Whitecotton, Managerial Accounting 2e and Connect Plus present an integrated and proven solutions designed to help attain course goals of student readiness and motivation, comprehension of content, and application of key concepts. Whitecotton, Managerial Accounting 2e addresses the reality of students taking the managerial accounting course: the majority of them will not become accounting majors and accountants; instead they will use accounting information in their professional lives to make business decisions. Therefore, the greatest challenges instructors have are to engage these students in the managerial accounting course, keep the students motivated throughout the course, and teach them accounting in a way that connects conceptual understanding to the real world, so students will be able to analyze and apply their managerial accounting knowledge successfully in careers as managers in the world of business. Whitecotton 2e will engage and motivate students by presenting accounting in the context of real, recognizable companies like Apple, Starbucks, and California Pizza Kitchen, then integrate those companies throughout the chapters. This will allow students to see accounting information being used to make real business decisions in companies that are part of their lives, helping them connect their learning to the real world.
McGraw-Hill Connect Accounting Plus provides a complete digital solution with a robust online learning and homework management system, an integrated media-rich eBook, assignable end-of-chapter material, algorithmic functionality, and reporting capabilities.
Contained within Connect Accounting is McGraw-Hill’s adaptive learning system, LearnSmart, which is designed to help students learn faster, study more efficiently, and retain more knowledge for greater success. In addition, Guided Examples provide students with narrated and animated, step-by-step walkthroughs of algorithmic versions of assigned exercises.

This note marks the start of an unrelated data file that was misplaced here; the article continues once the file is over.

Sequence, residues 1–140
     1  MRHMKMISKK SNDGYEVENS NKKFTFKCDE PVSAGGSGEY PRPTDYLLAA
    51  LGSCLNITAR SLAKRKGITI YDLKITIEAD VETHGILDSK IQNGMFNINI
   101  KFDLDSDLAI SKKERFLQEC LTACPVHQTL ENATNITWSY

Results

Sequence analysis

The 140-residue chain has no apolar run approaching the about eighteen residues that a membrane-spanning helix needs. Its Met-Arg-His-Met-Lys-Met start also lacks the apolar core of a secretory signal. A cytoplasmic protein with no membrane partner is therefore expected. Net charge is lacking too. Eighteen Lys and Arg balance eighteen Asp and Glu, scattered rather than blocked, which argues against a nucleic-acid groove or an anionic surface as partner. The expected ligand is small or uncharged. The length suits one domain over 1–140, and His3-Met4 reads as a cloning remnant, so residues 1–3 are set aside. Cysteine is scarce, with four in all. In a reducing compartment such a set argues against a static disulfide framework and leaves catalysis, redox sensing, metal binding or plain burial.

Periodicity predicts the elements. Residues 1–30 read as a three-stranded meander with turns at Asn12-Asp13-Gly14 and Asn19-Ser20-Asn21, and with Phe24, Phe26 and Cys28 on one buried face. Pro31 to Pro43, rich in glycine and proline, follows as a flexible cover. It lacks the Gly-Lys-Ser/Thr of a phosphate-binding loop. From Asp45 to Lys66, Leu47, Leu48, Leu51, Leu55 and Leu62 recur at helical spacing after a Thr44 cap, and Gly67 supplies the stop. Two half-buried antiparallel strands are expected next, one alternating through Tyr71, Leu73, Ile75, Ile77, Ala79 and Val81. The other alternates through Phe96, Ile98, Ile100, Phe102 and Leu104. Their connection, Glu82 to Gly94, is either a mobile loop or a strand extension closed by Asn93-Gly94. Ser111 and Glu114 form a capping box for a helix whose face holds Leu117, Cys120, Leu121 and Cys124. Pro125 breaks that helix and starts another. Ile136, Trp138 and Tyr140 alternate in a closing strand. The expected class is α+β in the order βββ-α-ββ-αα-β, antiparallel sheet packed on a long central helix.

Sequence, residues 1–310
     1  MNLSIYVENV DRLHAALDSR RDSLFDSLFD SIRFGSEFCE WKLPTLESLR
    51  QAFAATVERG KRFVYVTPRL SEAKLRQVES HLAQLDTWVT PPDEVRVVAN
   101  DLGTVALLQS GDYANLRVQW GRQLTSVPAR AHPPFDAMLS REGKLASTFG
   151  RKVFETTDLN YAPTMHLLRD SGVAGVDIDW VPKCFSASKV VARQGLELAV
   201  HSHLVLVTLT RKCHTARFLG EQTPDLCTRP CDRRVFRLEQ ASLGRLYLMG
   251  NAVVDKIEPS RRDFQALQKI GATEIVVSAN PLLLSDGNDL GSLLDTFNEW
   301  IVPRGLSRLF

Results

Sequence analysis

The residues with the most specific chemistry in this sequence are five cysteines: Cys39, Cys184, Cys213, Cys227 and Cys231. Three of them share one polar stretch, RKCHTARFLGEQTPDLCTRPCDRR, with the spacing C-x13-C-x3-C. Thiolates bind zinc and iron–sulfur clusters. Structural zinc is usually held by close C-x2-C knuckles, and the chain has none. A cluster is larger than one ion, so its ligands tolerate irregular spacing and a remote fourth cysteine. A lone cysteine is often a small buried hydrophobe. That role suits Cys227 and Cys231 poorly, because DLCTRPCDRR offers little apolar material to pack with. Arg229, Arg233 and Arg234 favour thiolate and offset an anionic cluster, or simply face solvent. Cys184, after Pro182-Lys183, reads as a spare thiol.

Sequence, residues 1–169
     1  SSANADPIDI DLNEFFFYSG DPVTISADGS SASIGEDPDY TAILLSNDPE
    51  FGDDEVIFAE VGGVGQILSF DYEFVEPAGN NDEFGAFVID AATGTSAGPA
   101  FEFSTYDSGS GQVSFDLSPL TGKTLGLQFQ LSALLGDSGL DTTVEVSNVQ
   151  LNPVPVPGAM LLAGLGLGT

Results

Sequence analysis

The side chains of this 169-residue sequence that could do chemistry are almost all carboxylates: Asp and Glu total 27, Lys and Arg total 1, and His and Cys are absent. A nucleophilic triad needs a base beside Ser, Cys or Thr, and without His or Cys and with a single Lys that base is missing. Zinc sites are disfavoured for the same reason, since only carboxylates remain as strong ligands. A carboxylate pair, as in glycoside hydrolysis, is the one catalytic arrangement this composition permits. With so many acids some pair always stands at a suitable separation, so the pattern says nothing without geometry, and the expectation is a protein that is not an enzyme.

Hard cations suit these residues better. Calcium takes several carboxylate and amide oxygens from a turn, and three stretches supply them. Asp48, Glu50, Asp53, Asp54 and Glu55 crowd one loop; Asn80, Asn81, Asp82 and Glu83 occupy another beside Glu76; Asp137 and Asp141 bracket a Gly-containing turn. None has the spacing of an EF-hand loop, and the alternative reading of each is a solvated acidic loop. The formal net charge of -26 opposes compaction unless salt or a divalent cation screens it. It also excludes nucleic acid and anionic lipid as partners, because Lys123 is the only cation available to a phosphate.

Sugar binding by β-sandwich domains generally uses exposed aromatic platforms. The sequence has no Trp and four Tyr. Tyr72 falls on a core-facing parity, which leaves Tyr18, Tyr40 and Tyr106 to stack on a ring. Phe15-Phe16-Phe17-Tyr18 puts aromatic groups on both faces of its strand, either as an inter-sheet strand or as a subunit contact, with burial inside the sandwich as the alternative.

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Robert Libby is the David A. Thomas Professor of Management at the Johnson Graduate School of Management at Cornell University, where he teaches the introductory financial accounting course. He previously taught at the University of Illinois, Pennsylvania State University, University of Texas at Austin, University of Chicago, and University of Michigan. He received his B.S. from Pennsylvania State University and his M.A.S. and Ph.D. from the University of Illinois; he is also a CPA. Bob is a widely published author specializing in behavioral accounting. He was selected as the AAA Outstanding Educator in 2000. His prior text, Accounting and Human Information Processing (Prentice Hall, 1981), was awarded the AICPA/AAA Notable Contributions to the Accounting Literature Award. He received this award again in 1996 for a paper. He has published numerous articles in the Journal of Accounting Research; Accounting, Organizations, and Society; and other accounting journals. He is past Vice President-Publications of the American Accounting Association and is a member of the American Institute of CPAs and the editorial boards of The Accounting Review; Accounting, Organizations, and Society; Journal of Accounting Literature; and Journal of Behavioral Decision Making.
Fred Phillips is a Professor and the George C. Baxter Chartered Accountants of Saskatchewan Scholar at the University of Saskatchewan, where he teaches introductory financial accounting. He also has taught introductory accounting at the University of Texas at Austin and the University of Manitoba. Fred has an undergraduate accounting degree, a professional accounting designation, and a PhD from the University of Texas at Austin. He previously worked as an audit manager at KPMG. Fred's main interest is accounting education. He has won eight teaching awards, including two national case-writing competitions. He has published instructional cases and numerous articles in journals like Issues in Accounting Education, Journal of Accounting Research, and Organizational Behavior and Human Decision Processes. Fred currently serves as an associate editor of Issues in Accounting Education, and he is a member of the Teaching & Curriculum and Two-Year College sections of the American Accounting Association. In his spare time, he likes to work out, play video games, and drink iced cappuccino.
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